Totalitarianism: Stalinist Russia

Industrial Policies
Five Year Plans
-impossibly high quotas to increase the output of steel, coal, oil, and electricity
-people faced severe shortages of housing, food, clothing, etc
Agricultural Policies
collective farms-hundreds of families worked on these farms producing food for the state
Art/Religion
-League of the Militant Godless
-Russian Orthodox Church – target of persecution
-art showed importance of work
Education
-learned virtues of Communist Party
-importance of sacrifice and hard work
Control Methods
-Police State-monitored phones, read mail, and planted informers everywhere
-Great Purge
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Propaganda Methods
-government controlled everything
totalitarianism
a government that takes total, centralized, state control over every aspect of public and private life
command economy
a system in which the government made all economic decisions
collective farm
hundreds of families worked on these farms producing food for the state
Five-Year Plan
set impossibly high quotas to increase output of steel, coal, oil, and electricity
Lenin’s successor, who worked to control every aspect of life in the Soviet Union, was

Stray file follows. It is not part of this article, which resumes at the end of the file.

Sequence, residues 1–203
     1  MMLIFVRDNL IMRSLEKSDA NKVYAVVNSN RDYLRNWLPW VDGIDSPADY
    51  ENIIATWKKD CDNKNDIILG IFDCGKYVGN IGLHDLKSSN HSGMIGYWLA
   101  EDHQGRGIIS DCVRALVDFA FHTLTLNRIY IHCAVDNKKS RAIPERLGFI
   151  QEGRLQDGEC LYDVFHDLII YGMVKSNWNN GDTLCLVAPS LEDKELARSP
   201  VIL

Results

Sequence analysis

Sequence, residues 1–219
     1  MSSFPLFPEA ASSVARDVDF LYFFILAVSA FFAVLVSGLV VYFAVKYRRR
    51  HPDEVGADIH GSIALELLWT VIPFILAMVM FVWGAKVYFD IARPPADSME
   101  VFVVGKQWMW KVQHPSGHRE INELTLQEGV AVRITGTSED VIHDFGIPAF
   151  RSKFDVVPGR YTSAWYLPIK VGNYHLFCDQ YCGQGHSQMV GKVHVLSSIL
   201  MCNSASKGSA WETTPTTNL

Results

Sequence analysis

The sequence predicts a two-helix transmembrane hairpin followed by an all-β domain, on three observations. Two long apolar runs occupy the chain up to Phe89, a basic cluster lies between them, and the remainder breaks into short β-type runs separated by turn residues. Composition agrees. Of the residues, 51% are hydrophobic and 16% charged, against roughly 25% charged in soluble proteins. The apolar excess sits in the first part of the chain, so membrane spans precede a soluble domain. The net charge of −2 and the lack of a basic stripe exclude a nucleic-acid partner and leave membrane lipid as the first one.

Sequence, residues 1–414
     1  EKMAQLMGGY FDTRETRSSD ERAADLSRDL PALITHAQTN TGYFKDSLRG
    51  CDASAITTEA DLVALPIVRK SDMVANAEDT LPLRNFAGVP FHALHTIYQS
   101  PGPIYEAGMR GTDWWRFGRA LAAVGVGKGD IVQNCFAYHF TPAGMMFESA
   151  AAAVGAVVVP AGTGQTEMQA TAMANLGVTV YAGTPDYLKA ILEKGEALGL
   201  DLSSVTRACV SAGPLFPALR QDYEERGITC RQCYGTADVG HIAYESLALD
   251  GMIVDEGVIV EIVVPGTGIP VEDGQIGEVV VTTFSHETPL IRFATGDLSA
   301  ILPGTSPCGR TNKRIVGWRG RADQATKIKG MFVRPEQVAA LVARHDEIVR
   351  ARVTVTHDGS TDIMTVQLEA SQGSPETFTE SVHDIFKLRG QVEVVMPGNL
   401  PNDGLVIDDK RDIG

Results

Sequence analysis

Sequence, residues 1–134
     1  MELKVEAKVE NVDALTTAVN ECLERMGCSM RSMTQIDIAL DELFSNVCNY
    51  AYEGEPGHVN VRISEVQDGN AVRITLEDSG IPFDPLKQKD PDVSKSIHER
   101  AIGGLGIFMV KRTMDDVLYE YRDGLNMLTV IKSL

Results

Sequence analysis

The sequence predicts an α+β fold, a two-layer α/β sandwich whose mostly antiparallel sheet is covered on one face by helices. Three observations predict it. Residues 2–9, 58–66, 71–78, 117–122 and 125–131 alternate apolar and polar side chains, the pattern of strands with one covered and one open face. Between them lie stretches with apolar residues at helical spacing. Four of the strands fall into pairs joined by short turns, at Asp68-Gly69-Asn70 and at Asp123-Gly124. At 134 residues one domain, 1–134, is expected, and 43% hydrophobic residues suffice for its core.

Joseph Stalin
A government that takes total, centralized control over all aspects of public and private life is an example of
totalitarianism
Totalitarian leaders used all of the following methods of control except
free elections
Stalin’s campaign of terror designed to eliminate anyone who threatened who power was called
the Great Purge
A group of officially-sponsored atheists who spread propaganda attacking religion was the
League of the Militant Godless
A system in which the government makes all economic decisions is called
a command economy
Stalin’s proposals for the development of the Soviet Union’s economy were called
Five-Year Plans
The agricultural revolution in the USSR combined privately-owned farms into large, government-owned farms called
collective farms
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